Gonghu Li

Assistant Professor

Physical Chemistry
Materials Chemistry
Department of Chemistry
University of New Hampshire
Durham, NH 03824-3598 U.S.A.
603-862-0607
gonghu.li@unh.edu

Education and Achievements

  • B.S., 1997, Hubei Normal University, China
  • M.S., 2000, Chinese Academy of Sciences, China
  • Ph.D., 2005, University of Iowa
  • Postdoctoral Fellow, 2005-2007, Northwestern University
  • Postdoctoral Associate, 2007-2009, Yale University
  • Assistant Professor, 2009-current, University of New Hampshire

Research Interests

Functional Composite Materials for Energy and Environmental Applications

  • Surface Chemistry and Catalysis/Photocatalysis
  • Solar Energy Conversion
  • Nanoscience and Materials Chemistry
  • Chemistry and Sustainablility

Current Research Interests

An urgent challenge faced by the world is to find viable solutions to meet our energy needs while maintaining the quality of our environment. The discovery of new materials with improved properties will play a pivotal role in achieving a sustainable future. At UNH, we are interested in utilizing the principles of catalysis and nanoscience to develop functional nanocomposite materials for energy and environmental applications.

Surface molecular catalysis deals with the post-synthetic derivatization of solid materials with well-defined molecular catalysts. Such "supramolecular chemistry" represents a unique approach that brings together the robustness of solid surfaces and the molecular understanding of catalysis. Crystalline aluminosilicates such as zeolites are excellent supports for molecular catalysts. Our current research involves the synthesis of nanozeolites with particle sizes less than 100 nm, followed by surface functionalization of nanozeolites with molecular catalysts. The functionalized materials will be characterized with a variety of techniques including X -ray diffraction, microscopy (SEM and TEM), UV-visible, FT-IR, and EPR spectroscopy.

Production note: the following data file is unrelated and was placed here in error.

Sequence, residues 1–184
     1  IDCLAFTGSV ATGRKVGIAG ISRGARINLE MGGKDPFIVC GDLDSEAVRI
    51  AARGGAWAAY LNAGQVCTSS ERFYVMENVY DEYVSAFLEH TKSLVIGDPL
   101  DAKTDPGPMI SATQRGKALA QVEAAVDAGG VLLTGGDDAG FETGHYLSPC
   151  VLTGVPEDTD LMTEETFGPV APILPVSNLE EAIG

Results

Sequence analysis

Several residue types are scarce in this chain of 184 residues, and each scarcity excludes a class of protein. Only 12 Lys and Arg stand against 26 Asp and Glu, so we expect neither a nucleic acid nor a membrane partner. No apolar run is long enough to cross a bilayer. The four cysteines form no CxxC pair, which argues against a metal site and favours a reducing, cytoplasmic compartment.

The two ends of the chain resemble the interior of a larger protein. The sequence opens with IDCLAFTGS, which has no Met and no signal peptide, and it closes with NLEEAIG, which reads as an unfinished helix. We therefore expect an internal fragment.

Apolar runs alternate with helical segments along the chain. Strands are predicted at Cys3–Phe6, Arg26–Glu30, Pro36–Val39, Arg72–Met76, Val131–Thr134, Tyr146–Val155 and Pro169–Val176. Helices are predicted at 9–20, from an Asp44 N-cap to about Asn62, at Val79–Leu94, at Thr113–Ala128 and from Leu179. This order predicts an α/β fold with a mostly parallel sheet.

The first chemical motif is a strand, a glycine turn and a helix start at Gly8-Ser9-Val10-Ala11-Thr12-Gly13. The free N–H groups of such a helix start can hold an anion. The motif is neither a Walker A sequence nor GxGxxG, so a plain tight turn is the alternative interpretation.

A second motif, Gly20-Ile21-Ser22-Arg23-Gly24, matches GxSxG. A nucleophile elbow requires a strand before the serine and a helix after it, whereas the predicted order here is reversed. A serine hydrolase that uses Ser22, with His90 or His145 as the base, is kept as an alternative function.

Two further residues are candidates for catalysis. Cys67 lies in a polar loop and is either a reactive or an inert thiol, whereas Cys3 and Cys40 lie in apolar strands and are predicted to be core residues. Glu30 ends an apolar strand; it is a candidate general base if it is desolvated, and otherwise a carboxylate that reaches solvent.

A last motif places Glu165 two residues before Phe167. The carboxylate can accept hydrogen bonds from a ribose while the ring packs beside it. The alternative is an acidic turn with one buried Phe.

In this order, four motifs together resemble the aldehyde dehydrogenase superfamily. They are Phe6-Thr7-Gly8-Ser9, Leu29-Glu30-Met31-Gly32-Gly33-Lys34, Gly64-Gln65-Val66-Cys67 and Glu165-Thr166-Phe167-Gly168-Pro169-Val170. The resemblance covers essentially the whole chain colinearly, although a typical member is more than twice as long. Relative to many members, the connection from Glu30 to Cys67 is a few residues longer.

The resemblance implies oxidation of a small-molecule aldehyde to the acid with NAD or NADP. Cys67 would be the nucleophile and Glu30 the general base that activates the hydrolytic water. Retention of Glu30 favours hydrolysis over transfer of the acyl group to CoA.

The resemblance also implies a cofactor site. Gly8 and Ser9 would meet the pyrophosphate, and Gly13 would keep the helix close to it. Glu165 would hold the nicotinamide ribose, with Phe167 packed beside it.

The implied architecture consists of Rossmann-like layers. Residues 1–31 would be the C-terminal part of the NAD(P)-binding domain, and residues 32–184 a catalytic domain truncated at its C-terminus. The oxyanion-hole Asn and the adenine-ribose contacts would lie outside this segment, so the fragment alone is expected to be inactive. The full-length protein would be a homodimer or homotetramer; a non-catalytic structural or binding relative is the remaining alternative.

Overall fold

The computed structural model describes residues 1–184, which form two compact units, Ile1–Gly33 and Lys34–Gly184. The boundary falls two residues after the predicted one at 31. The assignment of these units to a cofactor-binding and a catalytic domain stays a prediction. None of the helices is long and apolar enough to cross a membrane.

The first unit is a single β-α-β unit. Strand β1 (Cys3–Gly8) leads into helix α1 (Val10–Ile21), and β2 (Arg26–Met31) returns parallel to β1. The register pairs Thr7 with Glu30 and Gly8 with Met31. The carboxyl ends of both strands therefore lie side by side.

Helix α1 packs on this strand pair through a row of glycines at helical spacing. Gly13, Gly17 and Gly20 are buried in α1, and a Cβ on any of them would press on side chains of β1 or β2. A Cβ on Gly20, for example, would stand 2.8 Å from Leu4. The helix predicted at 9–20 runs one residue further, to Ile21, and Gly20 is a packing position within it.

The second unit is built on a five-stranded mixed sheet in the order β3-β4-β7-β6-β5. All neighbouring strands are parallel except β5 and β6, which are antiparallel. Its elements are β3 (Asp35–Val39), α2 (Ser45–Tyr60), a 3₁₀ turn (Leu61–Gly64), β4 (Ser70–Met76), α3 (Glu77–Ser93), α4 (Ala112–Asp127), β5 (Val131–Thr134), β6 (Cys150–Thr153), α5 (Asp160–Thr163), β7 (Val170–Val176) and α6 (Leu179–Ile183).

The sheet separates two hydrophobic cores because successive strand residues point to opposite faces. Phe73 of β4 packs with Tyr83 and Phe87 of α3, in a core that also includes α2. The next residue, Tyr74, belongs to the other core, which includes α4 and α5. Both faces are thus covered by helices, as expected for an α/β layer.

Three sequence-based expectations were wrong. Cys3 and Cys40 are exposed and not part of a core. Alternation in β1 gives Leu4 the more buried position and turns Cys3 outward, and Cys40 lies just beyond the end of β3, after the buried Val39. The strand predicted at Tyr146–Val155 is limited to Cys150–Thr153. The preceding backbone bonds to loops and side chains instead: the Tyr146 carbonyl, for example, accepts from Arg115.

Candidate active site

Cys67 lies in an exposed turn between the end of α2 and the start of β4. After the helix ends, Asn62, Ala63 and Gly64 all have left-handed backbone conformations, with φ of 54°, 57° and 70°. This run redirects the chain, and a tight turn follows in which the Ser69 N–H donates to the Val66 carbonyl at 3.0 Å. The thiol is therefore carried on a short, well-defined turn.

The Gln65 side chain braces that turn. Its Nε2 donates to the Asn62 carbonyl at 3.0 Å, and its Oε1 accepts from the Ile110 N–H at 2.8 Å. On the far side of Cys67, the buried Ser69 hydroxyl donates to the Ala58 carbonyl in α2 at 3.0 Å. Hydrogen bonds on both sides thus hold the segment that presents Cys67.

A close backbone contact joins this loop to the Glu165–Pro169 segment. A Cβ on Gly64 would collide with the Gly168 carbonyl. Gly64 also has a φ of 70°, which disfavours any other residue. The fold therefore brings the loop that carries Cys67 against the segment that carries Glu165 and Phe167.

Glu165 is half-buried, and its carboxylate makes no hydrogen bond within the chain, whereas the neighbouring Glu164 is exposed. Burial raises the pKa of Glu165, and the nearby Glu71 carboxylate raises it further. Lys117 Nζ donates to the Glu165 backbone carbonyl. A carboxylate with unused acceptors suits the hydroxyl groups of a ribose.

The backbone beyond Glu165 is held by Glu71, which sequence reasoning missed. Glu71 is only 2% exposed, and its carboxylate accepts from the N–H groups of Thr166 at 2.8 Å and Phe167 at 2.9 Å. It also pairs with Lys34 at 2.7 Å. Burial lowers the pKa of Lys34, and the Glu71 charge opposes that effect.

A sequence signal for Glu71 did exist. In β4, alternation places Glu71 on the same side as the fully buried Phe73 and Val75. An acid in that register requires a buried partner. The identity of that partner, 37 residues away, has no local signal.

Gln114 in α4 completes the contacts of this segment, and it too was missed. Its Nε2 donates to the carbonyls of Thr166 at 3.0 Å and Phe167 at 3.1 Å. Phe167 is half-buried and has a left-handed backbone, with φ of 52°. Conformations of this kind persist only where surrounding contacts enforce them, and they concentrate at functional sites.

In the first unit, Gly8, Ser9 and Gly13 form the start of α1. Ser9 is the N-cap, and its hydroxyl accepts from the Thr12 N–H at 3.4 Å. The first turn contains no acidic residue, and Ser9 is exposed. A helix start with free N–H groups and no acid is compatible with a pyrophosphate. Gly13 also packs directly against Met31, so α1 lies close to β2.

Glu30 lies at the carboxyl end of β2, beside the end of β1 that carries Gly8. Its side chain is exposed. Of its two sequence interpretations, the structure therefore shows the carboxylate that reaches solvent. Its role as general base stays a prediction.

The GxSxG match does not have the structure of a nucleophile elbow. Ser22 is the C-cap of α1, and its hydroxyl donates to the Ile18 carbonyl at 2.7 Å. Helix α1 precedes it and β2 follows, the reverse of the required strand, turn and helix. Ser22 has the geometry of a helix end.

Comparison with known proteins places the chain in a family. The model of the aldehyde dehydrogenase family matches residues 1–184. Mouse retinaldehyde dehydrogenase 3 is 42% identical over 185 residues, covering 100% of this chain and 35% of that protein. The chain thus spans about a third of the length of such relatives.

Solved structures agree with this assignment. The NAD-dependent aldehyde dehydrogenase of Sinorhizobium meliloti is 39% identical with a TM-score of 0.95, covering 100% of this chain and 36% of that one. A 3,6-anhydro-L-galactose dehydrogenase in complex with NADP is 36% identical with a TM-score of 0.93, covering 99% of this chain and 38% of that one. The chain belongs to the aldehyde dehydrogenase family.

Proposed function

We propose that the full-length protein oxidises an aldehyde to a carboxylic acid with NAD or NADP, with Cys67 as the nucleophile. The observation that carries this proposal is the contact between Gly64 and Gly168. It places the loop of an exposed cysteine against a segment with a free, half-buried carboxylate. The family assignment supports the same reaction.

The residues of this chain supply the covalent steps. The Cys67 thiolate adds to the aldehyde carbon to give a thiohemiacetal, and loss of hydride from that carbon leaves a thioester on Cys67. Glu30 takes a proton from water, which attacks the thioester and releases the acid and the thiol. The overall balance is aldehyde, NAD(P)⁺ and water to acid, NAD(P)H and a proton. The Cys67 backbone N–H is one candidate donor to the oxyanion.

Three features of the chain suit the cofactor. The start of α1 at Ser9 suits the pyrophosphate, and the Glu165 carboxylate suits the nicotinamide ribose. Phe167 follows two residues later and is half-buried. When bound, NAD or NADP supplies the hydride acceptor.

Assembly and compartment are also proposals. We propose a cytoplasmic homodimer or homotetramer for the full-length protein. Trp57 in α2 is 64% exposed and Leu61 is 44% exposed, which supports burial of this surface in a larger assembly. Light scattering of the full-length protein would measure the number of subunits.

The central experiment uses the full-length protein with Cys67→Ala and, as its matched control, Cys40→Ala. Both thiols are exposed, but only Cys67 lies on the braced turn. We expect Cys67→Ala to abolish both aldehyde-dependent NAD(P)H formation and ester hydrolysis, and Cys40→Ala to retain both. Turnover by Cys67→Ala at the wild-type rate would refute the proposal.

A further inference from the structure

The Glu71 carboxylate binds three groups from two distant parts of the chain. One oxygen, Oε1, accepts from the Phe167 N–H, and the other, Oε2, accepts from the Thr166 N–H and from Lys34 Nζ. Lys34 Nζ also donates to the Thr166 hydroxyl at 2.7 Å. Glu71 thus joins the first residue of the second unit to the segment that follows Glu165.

One potential application of our functional nanocomposite materials is in the field of artificial photosynthesis (Scheme 1). Solar energy remains the largest unexploited renewable energy resource. In our research, transition metal (Ru, Re, Ni, Co, etc.) complexes will be synthesized and supported on nanozeolites. The surface molecular catalysts will be applied to solar fuel production by reducing CO2 into CH4 and CH3OH as energy-rich fuels. Other applications of our functional materials include dye-sensitized solar cells and photochromism.

Scheme 1: Schematic representation of an artificial photosynthesis cell (C: light−harvesting chromophore; Ox: water−oxidation catalyst; Red: CO2−reduction catalyst).

 

Publications

Liu, C.; Dubois, K. D.; Louis, M.; Vorushilov, A.; Li, G. “Photocatalytic CO2 Reduction and Surface Immobilization of a Tricarbonyl Re(I) Complex Modified with Amide Groups,” ACS Catal. 2012 (submitted)

Dubois, K. D.; Li, G. “Innovative Photocatalysts for Solar Fuel Generation by CO2 Reduction,” in Solar Photocatalysis. Ed. Steven L. Suib,  Elsevier: Amsterdam.  2012, in press (invited contribution)